A manufacturing company in Berkshire County pays an average of 12.87 cents per kilowatt hour for electricity.
Move that company several miles to the west, over the New York border, and the cost drops by more than half, to 6.15 cents per kilowatt hour.
Remember those numbers when someone tells you that electricity costs don’t affect where companies locate and create jobs. The difference can add up to millions of dollars per year and hundreds of jobs.
The corrosive impact of high electricity costs on the state economy will be front and center tomorrow as Associated Industries of Massachusetts testifies on multiple bills pertaining to solar power and hydro power. The hearing underscores the responsibility of policymakers to refocus Massachusetts energy policy around the one figure largely forgotten in the often esoteric political debates over power – the ratepayer.
It’s the same ratepayer who foots among the highest electricity bills in the country. The same customer whose rates have surged 56 percent during the past decade versus 38 percent for the nation as a whole. The same employer and citizen who have suffered massive increases for several years in winter electric rates because the commonwealth lacks adequate infrastructure for natural gas and hydro power.
“High energy costs have real consequences for some of the most important industries in Massachusetts, from advanced manufacturing to hospitals to colleges and universities,” says Robert Rio, Senior Vice President of Government Affairs for AIM, who will testify before the Legislature’s Joint Committee on Telecommunications, Utilities and Energy.
“Energy policy must fundamentally be about cost and competitiveness. Massachusetts must use competitive market forces to determine the most efficient and cost-effective methods for generating and transporting power to the Bay State.
AIM will oppose five bills that would force Massachusetts employers and consumers to purchase significant amounts of electricity generated under long-term contracts with hydro, wind and solar generators. Employers generally support diversification of energy sources and use of renewable energy, but none of the six bills alone will increase the reliability of the electric system at the lowest possible cost to consumers.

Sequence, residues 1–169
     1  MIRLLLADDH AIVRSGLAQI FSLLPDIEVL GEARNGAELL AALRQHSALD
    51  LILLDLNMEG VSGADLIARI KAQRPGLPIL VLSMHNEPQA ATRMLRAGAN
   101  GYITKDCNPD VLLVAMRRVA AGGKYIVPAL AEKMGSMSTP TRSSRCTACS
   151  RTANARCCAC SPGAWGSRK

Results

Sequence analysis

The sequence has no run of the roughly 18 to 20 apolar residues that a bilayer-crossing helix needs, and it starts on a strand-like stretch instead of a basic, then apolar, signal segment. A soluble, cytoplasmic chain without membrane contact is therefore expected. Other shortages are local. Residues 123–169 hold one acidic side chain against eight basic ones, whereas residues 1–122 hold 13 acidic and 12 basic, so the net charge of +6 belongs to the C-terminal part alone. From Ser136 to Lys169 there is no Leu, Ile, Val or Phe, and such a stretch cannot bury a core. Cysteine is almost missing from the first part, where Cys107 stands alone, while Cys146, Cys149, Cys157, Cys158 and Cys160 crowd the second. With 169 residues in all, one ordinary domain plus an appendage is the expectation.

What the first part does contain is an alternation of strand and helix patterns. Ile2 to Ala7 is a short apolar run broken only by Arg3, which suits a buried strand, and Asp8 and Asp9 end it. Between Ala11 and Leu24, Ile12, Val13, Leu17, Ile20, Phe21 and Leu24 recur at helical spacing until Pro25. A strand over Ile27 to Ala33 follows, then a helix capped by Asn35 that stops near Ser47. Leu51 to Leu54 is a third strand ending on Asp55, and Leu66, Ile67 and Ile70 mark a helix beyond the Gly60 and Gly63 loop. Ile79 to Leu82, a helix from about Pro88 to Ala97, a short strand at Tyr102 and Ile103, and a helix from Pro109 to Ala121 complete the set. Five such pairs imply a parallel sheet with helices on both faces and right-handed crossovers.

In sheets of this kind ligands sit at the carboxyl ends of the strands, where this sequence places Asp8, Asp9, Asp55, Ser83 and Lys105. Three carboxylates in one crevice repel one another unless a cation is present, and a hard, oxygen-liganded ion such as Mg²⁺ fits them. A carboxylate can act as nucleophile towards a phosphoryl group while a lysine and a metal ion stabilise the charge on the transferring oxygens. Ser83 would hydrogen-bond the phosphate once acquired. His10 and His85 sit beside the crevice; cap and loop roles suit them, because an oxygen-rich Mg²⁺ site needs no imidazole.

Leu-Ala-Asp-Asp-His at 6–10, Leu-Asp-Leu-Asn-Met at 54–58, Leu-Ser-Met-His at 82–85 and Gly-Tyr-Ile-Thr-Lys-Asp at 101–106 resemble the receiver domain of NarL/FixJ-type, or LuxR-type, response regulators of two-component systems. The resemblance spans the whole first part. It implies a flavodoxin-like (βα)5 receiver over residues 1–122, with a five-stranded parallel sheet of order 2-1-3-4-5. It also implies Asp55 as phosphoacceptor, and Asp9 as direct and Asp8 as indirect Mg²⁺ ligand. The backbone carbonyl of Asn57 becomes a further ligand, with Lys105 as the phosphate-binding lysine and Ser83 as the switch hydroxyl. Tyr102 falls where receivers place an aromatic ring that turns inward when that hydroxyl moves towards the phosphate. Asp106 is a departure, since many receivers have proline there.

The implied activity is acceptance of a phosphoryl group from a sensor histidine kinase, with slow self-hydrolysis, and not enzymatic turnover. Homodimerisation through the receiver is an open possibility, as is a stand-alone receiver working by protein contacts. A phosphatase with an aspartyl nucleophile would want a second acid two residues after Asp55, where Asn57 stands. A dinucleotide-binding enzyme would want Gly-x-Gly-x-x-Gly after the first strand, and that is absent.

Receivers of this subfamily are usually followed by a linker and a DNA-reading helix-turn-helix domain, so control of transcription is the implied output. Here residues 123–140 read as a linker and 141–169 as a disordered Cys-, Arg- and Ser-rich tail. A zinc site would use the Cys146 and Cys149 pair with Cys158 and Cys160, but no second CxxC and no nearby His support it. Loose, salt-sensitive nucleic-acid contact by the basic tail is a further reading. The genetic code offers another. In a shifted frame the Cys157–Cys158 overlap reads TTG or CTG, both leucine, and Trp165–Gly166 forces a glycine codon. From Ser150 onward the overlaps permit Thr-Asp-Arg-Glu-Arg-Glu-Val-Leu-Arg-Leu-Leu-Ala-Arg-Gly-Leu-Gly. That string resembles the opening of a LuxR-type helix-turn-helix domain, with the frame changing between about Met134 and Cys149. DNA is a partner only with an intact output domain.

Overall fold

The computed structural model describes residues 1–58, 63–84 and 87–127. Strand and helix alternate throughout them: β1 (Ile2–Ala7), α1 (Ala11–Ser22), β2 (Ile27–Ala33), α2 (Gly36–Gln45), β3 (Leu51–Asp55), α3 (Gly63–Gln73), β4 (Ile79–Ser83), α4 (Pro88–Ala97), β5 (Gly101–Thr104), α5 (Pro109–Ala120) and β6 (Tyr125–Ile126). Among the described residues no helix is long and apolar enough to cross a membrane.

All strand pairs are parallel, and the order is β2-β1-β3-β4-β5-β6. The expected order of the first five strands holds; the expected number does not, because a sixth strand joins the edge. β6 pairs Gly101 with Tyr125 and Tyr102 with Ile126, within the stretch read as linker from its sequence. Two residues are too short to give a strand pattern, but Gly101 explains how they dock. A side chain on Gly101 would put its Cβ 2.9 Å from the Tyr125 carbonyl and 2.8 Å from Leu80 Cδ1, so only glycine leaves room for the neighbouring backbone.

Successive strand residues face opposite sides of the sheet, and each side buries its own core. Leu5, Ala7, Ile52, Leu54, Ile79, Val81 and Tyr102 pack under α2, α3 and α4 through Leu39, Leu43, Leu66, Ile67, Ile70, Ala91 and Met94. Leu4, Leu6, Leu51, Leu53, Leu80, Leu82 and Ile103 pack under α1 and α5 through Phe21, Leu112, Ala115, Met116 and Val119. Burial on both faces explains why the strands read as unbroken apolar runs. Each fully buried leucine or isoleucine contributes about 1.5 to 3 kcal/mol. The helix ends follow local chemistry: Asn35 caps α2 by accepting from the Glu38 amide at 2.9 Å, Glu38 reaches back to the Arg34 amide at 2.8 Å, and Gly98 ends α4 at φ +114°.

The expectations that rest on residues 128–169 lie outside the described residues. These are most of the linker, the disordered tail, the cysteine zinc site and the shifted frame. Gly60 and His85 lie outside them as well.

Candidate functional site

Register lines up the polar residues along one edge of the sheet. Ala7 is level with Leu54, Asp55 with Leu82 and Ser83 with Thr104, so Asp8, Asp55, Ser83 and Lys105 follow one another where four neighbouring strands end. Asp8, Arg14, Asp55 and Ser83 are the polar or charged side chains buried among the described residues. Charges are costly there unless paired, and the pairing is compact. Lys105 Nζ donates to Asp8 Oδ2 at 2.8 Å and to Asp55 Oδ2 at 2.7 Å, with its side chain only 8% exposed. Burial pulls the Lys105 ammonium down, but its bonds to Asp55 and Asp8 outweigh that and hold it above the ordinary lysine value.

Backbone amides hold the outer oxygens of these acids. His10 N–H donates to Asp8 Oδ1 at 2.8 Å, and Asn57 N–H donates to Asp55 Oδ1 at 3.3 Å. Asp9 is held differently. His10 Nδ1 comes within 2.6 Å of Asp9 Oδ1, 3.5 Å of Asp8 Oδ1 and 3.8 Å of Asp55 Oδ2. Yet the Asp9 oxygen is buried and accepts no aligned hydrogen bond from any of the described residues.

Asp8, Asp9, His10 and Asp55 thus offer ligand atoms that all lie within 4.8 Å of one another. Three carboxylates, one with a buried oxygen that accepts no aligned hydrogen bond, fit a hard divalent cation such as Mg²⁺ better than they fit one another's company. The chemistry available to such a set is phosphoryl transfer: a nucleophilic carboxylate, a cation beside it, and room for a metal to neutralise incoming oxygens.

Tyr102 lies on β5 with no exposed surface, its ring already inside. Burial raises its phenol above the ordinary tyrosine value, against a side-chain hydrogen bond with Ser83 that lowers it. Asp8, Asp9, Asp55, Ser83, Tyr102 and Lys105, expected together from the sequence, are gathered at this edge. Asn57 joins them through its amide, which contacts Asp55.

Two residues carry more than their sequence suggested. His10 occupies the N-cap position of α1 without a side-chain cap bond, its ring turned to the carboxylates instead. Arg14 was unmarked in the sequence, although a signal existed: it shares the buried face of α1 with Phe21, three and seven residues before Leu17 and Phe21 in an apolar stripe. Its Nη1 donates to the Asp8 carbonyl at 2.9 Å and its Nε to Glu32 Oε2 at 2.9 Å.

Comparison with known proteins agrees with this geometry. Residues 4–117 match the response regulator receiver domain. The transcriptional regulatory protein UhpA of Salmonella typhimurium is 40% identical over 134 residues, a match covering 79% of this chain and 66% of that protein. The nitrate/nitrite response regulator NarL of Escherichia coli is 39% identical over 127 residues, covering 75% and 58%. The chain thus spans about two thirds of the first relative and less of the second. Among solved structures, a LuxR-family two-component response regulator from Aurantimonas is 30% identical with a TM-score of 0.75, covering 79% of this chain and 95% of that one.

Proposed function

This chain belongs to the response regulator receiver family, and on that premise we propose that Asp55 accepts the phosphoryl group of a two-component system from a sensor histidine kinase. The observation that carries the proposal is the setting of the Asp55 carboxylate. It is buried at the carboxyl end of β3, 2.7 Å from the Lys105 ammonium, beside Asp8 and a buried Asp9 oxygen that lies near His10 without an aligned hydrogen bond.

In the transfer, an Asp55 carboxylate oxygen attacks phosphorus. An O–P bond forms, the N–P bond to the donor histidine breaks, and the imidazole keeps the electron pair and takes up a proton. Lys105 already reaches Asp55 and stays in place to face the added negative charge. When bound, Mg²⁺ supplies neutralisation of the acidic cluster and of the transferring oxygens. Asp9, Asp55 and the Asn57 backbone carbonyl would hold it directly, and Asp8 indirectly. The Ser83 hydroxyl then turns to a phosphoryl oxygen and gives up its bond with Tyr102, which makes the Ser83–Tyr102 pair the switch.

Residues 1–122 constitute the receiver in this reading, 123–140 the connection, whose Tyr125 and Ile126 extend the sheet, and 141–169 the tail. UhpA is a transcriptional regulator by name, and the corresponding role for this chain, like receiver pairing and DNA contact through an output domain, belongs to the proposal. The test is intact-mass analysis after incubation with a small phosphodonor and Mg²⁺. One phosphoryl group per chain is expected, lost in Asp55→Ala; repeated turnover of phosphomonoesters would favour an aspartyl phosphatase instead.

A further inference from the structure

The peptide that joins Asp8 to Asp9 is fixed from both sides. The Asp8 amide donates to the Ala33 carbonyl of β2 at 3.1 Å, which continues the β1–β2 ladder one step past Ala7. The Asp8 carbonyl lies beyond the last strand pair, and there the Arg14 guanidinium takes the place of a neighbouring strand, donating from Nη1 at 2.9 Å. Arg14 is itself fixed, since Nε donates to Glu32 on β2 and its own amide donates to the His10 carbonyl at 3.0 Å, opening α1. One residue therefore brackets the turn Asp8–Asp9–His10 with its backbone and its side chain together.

All of the bills in one way or another establish long-term contracts for large hydropower or other renewables. The bills together would authorize nearly 2,700 megawatts of power - more than four times the electricity generated by the Pilgrim nuclear power plant – to come from renewables and hydro power under long-term deals without adequate protection for ratepayers.
The impact of long-term contracts on electricity prices could be severe and lead to unintended detrimental changes in the way customers use electricity
Given the large amount of power, even small price discrepancies would have large economic consequences. For instance if just 1,700 megawatts are contracted and the difference is 6 cents per kWh average the additional burden is nearly $1 billion per year to ratepayers.
AIM will also oppose a Baker Administration proposal to expand the commonwealth’s dysfunctional solar-energy subsidy program. The measure would add $600 million to ratepayer bills by 2020 on top of the $4 billion that business and residential customers are already paying to subsidize solar installations.
The solar program, referred to as net metering, creates a system in which virtually all the savings (except for wholesale fuel costs) attributable to solar installations are a transfer from non-participating ratepayers to those who have solar, increasing costs for those who may not be able to take advantage of solar programs. If everyone took advantage of solar programs, there would be no ratepayers left to pay the cross-subsidy.
Additionally, as solar programs increase, there are fewer customers to pay the cost associated with maintaining the distribution and transmission system, which is still required to be ready willing and able to serve the customer when the sun is not shining. Solar customers also fail to pay their fair share of social costs embedded in distribution rates, causing a massive shift in who pays for programs that serve low-income customers.
“Reducing the cost of solar programs and electricity should be the highest priority. Massachusetts ratepayers are not only spending an enormous amount of money for solar power, we are spending at rates double any other state,” Rio says.
AIM seeks a market-based approach once Massachusetts hits its objective of 1,600 megawatts of solar generation.